Now all roads lead to France and heavy is the tread
Of the living; but the dead returning lightly dance.
Edward Thomas, Roads

Tuesday, March 8, 2022

Handstreich! The Disastrous German Sneak Attack on Liège

By Joe and Janet Robinson and 
Randal Gilbert
Independently published, 2021 
Michael P. Kihntopf

Joe and Janet Robinson (esteemed members of the World War I Historical Association), accompanied by Randal Gilbert, have given us another excellent, inspired work about events at the very beginning of the Great War.  This book complements their other works, The Great War Dawning and The Last Great Cavalry Charge, in that it highlights the ineptitude, driven by over-confidence and prejudice, of the German General Staff or GGS at the beginning of the war.  As with the authors’ other books, the pages are crammed with statistics which justify the use of the word “disastrous.”

Our readers know quite well the story of the Schlieffen Plan that most historians see as the plan the GGS executed at the war’s beginning.  In a nutshell, the GGS launched four armies into Luxembourg and Belgium with the idea of pivoting on the Belgian plain to march south and envelop the French army, which was supposed to be pinned down in front of Alsace-Lorraine by the Crown Prince’s Fifth Army.  Schlieffen had devised this plan in the late 1800s and early 1900s based on his obsession with Hannibal’s battle against the Romans at Cannae in 216 BCE.  

In that obsession, Schlieffen missed some glaring facts. First, Cannae was a battle of relatively small forces and on a very small battlefield.  Second, both sides were pitting their entire armies within sight of the commanding generals. Third, there were few logistical problems. In Schlieffen’s scheme, rivers were crossed over intact bridges, supplies followed on strong rail connections, men marched without regard to speed and endurance, and the intermediate enemy, the Belgians, offered no appreciable resistance. As the authors point out, one should never assume away the opponent or the logistics.

As the years after Schlieffen’s retirement progressed, the plan took on new aspects.  Its initial execution called for the violation of Belgian and Dutch neutrality.  The new chief of the GGS, Helmuth von Moltke, the Younger, found that the idea of violating both countries’ neutrality to be risky. Belgium was of no consequence, but the Netherlands was another story. If that country became an opponent and Britain imposed a blockade, then Germany would have no way of tapping into American resources for a continued war. Judiciously, he set aside an invasion of the Netherlands along the Maastrict enclave. There had been method to Schlieffen’s concept. By invading the Netherlands, one army could avoid confrontation with the strong fortresses of Liège and Namur. Von Moltke’s modification required that two armies, by avoiding the Netherlands enclave, pass between the Liège and Namur fortress complexes—a very tight fit considering that each would have to use the same roads.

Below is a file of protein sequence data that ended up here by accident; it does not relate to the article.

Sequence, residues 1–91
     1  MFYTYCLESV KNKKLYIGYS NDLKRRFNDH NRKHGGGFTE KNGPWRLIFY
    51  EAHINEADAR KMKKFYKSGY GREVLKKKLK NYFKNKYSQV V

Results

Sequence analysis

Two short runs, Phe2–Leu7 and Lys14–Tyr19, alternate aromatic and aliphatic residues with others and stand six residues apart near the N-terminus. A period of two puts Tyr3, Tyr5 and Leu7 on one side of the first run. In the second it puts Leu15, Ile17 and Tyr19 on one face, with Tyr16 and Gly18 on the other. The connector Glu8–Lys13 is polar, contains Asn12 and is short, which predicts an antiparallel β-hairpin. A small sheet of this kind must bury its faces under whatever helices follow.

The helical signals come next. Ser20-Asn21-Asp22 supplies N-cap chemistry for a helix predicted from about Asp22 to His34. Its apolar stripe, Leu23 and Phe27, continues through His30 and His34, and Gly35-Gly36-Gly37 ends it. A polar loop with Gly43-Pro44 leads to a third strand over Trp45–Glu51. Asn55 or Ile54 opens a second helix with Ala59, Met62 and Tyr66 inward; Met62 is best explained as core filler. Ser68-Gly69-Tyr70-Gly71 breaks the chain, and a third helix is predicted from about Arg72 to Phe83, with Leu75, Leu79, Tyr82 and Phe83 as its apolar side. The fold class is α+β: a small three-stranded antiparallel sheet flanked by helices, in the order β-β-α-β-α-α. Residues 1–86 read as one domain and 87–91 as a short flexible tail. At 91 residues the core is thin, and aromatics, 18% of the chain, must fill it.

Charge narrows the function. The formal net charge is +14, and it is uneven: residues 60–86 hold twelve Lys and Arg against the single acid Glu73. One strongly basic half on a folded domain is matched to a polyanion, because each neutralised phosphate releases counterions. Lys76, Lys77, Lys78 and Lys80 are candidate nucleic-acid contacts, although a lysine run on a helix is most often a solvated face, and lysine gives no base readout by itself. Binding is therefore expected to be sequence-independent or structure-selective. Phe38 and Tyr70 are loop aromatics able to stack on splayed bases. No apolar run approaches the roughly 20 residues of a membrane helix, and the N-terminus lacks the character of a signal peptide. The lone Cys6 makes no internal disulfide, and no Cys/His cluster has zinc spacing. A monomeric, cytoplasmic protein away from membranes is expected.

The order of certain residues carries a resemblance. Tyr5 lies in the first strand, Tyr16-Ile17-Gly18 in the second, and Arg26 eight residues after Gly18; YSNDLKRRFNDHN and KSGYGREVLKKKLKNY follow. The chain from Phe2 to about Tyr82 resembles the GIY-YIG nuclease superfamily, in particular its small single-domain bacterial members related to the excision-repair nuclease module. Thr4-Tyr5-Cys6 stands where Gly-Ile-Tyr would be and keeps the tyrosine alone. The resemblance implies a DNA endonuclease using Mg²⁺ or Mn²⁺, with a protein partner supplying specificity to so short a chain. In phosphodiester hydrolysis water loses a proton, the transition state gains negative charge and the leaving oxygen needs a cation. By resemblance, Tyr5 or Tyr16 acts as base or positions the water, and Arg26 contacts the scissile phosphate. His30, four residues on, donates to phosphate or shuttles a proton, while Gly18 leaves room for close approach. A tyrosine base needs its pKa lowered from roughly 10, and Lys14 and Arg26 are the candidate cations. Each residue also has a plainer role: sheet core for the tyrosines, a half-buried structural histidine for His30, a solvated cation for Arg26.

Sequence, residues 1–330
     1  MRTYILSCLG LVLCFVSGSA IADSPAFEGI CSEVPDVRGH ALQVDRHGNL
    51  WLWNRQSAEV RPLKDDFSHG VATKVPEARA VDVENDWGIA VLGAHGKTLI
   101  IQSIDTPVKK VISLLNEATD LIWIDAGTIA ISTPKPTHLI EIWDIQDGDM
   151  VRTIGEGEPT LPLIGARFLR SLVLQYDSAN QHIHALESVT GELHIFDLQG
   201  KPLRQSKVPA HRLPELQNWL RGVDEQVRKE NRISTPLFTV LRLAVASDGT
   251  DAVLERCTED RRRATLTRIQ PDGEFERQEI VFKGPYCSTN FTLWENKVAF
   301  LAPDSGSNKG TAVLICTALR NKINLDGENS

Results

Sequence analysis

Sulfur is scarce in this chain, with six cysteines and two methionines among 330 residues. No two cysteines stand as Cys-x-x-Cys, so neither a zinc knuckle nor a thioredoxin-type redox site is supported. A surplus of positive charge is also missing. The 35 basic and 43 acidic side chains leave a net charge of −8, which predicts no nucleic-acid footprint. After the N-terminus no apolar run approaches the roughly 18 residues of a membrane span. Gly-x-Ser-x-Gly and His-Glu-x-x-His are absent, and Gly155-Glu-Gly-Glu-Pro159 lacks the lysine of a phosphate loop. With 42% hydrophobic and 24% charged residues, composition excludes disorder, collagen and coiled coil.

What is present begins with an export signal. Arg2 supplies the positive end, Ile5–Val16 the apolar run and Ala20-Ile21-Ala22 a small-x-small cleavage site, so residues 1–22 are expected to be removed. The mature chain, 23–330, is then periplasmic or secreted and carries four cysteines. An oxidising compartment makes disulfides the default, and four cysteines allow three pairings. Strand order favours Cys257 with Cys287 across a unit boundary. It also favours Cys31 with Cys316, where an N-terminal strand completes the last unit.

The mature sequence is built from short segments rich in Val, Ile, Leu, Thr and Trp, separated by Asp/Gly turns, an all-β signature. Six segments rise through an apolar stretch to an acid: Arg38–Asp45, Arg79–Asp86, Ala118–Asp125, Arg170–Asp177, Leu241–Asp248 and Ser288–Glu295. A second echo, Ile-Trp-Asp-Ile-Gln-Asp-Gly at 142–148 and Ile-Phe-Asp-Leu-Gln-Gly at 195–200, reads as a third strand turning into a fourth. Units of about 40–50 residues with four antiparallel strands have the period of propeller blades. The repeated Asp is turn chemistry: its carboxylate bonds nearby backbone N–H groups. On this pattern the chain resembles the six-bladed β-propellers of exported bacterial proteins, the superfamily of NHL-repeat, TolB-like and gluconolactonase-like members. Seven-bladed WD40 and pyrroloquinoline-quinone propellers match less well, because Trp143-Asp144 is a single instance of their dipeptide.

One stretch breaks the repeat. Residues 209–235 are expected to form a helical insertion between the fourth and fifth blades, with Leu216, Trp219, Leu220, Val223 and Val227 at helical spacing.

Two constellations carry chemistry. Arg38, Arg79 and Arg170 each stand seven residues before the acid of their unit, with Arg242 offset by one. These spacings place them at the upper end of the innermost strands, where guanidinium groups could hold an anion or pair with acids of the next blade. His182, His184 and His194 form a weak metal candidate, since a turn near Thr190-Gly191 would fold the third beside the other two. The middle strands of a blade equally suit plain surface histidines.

German Postcard Depicting the Fall of Liège

To support this modification, the GGS came up with a plan, specified as Handstreich or Coup de Main, for taking the Liege complex before the invading armies would pass before its cannons. The sensitivity of such a plan is obvious and, as a result, it was kept secret from everyone including the six brigades which would have to execute it. In that secrecy was the beginning of the rub which would fester into a disastrous rash.  

The Robinsons and Gilbert are quick to point out that the German force, comprised of peacetime strength units which are often half of war strength, was not to wait for mobilization to fill its ranks. As soon as war was declared, they were to jump off.  That meant bringing them up to the frontier long before war was declared. These were to be the first soldiers across the border. And things got more complicated. The Belgians, surmising that an invasion was imminent by the tone of the German ultimatum to let its armies pass without resistance, had already begun the destruction of bridges, rail lines, tunnels, and the clogging of roads with all kinds of impediments, plus bringing up reserves to fortify the fortresses and specifically Liège.

The authors glean information from German regimental histories with the hands of surgeons extracting vital data and developing it to show the day-by-day operations of both sides in that struggle. I was amazed to find not only dates but times for arrival, receiving fire, and withdrawals to safer positions. I could feel the frustration of trying to meet a timetable in capturing Liège as well as the desperateness of the defending force. Modern play by play sports commentaries pale in the light of these pages. There are excellent and numerous maps which actually have the villages that are referenced in the text.

This book is a must for the shelf of Great War enthusiasts who read this blog. It is concise, highly detailed, and a pleasure to read. I particularly enjoyed the part Erich Ludendorff, the man who would go on to nearly rule Germany after 1916, played in securing Liège. It was less dramatic than Ludendorff’s own description that he laid out in his autobiography. But above all, I appreciated the exposure of the ineptitude of the GGS at the beginning of the war.  Operations then were not of scalpel cuts but ones of smashing hatchets.

Michael P. Kihntopf


  1. This sounds essential for western front history.
    Good review, Michael.

  2. What is the meaning of BCE? Must everyone attempt to strip God out of all facets of life? The combatant forces of WW1 were mostly Christian, are the authors attempting to sterilize this fact of history? Or is there a personal prejudice here?

    1. BCE stands for "Before Common Era," as CE stands for "Common Era." It's not an uncommon usage in scholarly writing.